Ha Ha Ha

Moonkyeong (Kim Sang-kyeong) decides to move to Canada and meets Joongsik (Yoo Joon-sang). The two find out that they were on a trip together and share their memories. Moonkyeong wants to be a movie director and meets a tour guide Seongok (Moon So-ri) who wants to live a new life in Korea. [Synopsis courtesy of Han Cinema]

The Day He Arrives

Seongjun, a film director who no longer makes films, goes to Seoul to meet a close friend. When the friend doesn’t show up, Seongjun begins to wander the city aimlessly. He runs into an actress he used to know, shares a drink with some young film students, then, against his better judgment, heads to his ex-girlfriend’s apartment. The next day, he finally meets his friend, has some drinks, shares some conversation, and meets a young woman who looks exactly like his ex-girlfriend. The next day goes very much like the previous day. Through it all Seongjun moves forward, struggling to find a purpose to his trip.

Oki’s Movie (Oki-eui Younghwa)

Already considered one of the forefathers of the new Korean cinema, South Korean auteur Hong Sangsoo continues to pursue a distinctive style that challenges conventional cinema. Fresh from winning the Un Certain Regard prize at this year’s Cannes Film Festival for “Ha Ha Ha,” he continues his current creative streak with “Oki’s Movie,” further evidence of a visionary filmmaker undaunted by the whims of the market.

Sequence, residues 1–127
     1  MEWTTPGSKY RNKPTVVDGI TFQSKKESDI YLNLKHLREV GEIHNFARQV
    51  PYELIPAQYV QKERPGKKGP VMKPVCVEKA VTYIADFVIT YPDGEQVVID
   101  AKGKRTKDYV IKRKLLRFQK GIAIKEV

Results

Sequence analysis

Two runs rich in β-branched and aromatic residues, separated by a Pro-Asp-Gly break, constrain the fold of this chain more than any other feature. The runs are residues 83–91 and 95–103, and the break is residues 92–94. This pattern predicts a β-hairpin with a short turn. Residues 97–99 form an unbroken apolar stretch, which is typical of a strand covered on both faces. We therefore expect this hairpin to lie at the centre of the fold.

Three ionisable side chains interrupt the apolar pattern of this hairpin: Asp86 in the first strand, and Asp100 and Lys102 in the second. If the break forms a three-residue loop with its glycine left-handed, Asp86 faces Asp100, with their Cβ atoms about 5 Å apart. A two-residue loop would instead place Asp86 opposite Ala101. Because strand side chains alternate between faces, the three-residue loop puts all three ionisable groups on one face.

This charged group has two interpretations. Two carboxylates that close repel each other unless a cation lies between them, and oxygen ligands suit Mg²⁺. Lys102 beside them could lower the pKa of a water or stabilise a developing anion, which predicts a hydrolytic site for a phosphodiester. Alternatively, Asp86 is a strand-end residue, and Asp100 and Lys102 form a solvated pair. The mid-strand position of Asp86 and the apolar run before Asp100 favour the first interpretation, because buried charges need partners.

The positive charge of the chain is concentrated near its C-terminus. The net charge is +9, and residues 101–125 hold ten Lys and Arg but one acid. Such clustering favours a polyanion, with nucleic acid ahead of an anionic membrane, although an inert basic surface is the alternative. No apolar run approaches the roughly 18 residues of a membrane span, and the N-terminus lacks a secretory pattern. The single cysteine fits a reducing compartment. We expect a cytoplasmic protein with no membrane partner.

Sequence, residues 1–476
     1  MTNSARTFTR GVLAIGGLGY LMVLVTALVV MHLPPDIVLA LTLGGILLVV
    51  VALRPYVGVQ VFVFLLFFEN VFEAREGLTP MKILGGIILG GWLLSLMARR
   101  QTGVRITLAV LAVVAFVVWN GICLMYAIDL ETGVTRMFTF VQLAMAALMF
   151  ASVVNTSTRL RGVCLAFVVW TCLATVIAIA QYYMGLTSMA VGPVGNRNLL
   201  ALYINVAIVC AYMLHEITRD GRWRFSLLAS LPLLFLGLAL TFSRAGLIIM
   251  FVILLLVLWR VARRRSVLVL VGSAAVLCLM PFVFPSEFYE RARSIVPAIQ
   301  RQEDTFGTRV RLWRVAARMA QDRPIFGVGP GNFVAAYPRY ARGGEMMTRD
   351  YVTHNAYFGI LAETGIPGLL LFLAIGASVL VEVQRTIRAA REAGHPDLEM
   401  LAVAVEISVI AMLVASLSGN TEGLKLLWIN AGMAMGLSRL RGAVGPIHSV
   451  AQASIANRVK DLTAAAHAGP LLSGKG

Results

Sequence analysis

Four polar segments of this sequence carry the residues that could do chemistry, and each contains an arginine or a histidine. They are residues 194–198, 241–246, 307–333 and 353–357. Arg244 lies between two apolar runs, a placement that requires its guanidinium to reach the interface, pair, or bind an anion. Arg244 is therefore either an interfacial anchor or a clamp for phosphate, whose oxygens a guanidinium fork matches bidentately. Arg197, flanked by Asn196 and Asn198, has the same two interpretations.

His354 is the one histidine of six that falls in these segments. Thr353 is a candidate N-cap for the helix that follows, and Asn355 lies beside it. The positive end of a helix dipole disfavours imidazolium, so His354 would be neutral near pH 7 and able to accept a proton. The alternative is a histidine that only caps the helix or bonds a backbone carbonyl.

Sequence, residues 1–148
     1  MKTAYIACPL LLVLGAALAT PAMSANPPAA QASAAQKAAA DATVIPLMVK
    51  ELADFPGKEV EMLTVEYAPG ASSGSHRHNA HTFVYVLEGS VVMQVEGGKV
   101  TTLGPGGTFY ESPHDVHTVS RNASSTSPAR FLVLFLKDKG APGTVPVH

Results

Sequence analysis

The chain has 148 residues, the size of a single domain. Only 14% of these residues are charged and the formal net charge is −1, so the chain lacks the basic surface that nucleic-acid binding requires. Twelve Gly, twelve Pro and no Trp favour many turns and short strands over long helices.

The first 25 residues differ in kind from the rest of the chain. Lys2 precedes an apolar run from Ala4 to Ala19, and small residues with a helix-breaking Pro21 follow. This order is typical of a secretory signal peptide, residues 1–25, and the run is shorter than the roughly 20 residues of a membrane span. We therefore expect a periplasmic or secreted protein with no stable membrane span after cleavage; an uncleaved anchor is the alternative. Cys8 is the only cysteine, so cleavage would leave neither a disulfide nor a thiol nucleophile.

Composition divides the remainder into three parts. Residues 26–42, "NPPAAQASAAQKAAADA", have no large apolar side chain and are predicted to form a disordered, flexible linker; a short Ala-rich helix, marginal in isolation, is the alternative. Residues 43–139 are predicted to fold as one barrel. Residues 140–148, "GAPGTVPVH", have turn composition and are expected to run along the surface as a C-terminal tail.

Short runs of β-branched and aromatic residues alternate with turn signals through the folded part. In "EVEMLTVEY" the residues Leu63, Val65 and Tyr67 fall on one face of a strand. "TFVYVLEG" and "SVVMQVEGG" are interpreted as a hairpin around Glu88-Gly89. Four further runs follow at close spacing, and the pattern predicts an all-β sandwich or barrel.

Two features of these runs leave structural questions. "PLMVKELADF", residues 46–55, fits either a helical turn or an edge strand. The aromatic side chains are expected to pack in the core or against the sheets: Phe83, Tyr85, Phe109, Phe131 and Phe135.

In a multipart narrative divided into four chapters, Hong fashions a new kind of love triangle. Oki is a young and beautiful college student majoring in film production and torn between the affections of two men: an older cinema professor and a former student/budding filmmaker. As the story shifts perspectives and timelines, Hong depicts each relationship with the authentically awkward rhythms of real life.

Rather than following the conventions of movie romance, Hong turns “Oki’s Movie” into a formally irreverent exercise in minimalism. A calming, mostly static visual palette evokes documentary style and imposes a kind of moral perspective on the three lovers. Ascetic in sensibility, the more Hong’s camera probes the cruder side of love, the more it shows up the baseness of romantic jealousy and competition.

The balance of tones in Hong’s films is always complex. Here he instills this love story with his unique brand of humor, but it is mixed with heartfelt melancholia. The film builds to a genuinely moving ending. But, disdainful of simplistic storytelling, Hong makes sure to wind his way to the finish with elaborate plotting and an insider’s sense of living within cinema.

Sparse, relaxed and jarringly real, “Oki’s Movie” bravely rejects easy classification. It is the work of a self-assured artist unafraid to expose the inner worlds of his characters to reveal their flawed humanity. [Synopsis courtesy of Giovanna Fulvi/Toronto International Film Festival]